We read The Book of Lost Things by John Connelly with our YA book club, a book about escaping to a world filled with dark fairy tales. Some of us really liked it, while others were more critical, but we all agreed that fairy tales remain interesting. Here we recommend you two books for further reading, one book that will fit right in with the YA-theme and another that is supposedly for grown-ups, but awesome for everyone. At the end we also have some possible discussion questions for anyone talking about this book with their own book club.
A lot of us liked the subverted fairy tales in The Book of Lost Things. If you like the changed views on old stories such as Snow White and Sleeping Beauty, then definitely give Kissing the Witch a try. Just like The Book of Lost Things it’s balances between young adult and adult reading. This story collection is supposed to be one of the best in subverting the fairy tale themes, and not just the particulars of the story. Cinderella forsakes the handsome prince and runs off with the fairy godmother; Beauty discovers the Beast behind the mask is not so very different from the face she sees in the mirror; Snow White is awakened from slumber by the bittersweet fruit of an unnamed desire.
All the stories are told from the perspective of fairy tale heroines, all spinning their own versions of their tales of love and hate, passion and deception.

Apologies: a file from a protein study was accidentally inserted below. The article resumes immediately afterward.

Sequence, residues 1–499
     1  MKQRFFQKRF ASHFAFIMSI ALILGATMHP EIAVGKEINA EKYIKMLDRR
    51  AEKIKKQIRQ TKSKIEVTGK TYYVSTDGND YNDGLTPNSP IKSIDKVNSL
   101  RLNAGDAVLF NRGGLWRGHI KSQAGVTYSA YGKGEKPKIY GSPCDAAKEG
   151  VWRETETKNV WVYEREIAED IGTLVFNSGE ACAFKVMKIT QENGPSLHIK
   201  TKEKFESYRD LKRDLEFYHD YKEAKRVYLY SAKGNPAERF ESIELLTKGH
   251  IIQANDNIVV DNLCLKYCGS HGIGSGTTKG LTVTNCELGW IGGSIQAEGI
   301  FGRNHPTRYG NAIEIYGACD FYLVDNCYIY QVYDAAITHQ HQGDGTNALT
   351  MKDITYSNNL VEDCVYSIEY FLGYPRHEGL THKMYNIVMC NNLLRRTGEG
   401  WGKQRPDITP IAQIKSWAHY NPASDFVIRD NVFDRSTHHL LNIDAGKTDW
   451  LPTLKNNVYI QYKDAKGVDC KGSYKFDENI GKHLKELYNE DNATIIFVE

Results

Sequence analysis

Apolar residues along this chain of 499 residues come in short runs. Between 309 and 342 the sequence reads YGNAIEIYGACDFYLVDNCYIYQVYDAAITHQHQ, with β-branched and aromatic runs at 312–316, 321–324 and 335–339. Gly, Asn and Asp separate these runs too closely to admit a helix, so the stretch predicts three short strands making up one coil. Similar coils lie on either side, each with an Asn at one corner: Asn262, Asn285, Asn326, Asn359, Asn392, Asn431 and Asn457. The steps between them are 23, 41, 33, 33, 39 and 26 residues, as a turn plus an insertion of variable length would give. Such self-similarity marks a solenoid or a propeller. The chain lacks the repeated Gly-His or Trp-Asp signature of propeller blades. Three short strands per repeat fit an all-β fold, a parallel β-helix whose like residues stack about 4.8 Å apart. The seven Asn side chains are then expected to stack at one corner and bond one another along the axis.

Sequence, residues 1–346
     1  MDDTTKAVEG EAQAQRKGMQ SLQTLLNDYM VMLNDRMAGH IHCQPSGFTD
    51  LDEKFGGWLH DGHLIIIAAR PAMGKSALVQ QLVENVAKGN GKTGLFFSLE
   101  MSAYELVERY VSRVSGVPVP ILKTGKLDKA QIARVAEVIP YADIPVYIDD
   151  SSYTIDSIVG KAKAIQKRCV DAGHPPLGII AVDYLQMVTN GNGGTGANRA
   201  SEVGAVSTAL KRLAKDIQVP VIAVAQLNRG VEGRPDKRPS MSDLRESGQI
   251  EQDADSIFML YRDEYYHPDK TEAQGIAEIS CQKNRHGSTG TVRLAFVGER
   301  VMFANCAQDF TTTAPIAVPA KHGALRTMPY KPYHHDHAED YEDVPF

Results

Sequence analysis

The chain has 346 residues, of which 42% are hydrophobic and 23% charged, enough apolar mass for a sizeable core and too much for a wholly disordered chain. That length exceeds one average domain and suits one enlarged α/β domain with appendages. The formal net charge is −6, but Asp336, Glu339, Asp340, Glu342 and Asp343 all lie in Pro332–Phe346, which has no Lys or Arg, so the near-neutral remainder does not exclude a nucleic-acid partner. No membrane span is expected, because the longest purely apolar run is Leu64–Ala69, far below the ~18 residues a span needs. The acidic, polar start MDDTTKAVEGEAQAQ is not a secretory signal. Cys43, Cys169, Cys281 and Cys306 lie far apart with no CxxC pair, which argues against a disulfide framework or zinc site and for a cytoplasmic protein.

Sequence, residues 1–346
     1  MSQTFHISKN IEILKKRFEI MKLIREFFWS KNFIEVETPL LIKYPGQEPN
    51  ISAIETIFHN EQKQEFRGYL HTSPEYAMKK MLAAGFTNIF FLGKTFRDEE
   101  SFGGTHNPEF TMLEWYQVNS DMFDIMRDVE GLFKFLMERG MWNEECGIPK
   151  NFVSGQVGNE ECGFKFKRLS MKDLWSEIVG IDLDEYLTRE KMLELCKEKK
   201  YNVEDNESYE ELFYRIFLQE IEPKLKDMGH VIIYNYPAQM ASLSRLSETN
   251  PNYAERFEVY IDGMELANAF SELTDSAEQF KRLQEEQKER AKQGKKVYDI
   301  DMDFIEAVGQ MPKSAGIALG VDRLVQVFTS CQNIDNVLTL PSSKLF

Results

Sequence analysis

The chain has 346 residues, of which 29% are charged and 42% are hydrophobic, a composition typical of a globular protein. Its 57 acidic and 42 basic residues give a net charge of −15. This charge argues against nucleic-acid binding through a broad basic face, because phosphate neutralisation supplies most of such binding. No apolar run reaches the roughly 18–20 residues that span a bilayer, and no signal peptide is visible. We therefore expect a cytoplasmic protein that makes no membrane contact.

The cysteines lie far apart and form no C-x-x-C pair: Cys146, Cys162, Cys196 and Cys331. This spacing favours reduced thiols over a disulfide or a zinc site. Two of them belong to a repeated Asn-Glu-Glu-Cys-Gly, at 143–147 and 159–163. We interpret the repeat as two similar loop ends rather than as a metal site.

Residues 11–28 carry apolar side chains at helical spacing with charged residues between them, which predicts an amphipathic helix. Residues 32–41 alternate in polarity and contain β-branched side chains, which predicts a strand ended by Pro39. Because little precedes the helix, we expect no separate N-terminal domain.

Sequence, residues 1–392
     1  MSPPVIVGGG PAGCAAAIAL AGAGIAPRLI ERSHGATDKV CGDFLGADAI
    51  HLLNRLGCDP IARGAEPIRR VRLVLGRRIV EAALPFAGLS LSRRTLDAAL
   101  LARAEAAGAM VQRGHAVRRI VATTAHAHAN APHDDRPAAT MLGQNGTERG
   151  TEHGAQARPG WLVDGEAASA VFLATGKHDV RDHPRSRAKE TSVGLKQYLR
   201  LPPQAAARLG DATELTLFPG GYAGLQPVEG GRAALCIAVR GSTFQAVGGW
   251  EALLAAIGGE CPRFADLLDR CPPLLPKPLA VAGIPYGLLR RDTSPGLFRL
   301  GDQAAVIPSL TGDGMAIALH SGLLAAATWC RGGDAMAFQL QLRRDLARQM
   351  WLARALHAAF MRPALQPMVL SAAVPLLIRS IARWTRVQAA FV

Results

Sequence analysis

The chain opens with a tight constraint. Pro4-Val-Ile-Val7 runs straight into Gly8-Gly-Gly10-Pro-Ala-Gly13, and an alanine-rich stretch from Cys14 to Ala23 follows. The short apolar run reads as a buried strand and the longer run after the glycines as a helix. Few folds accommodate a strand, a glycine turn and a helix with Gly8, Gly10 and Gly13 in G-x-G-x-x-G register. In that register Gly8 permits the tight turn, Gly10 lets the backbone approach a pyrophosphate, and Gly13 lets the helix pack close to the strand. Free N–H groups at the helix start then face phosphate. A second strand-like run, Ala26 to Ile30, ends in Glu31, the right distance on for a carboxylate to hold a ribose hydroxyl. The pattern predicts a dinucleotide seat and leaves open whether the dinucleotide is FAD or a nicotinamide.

Our second and final recommendation is a very sad book. It’s based on an old Russian folk tale that Ivey reworked into something that reads like a fairy tale.
The story is based in Alaska in the 1920’s. A brutal place to homestead and especially tough for recent arrivals Jack and Mabel. Childless, they are drifting apart–he breaking under the weight of the work of the farm, she crumbling from loneliness and despair. In a moment of levity during the season’s first snowfall, they build a child out of snow. The next morning, the snow child is gone–but they glimpse a young, blonde-haired girl running through the trees. This little girl, who calls herself Faina, seems to be a child of the woods. She hunts with a red fox at her side, skims lightly across the snow, and somehow survives alone in the Alaskan wilderness. As Jack and Mabel struggle to understand this child who could have stepped from the pages of a fairy tale, they come to love her as their own daughter. But in this beautiful, violent place things are rarely as they appear, and what they eventually learn about Faina will transform all of them.
Possible Discussion Questions:
– Do you think the violence adds to the fairy tales?
– Does the fairy tale world actually exist?
– What is the importance of WWII as the backdrop for this story?
– Do you believe that David could defeat the Crooked Man?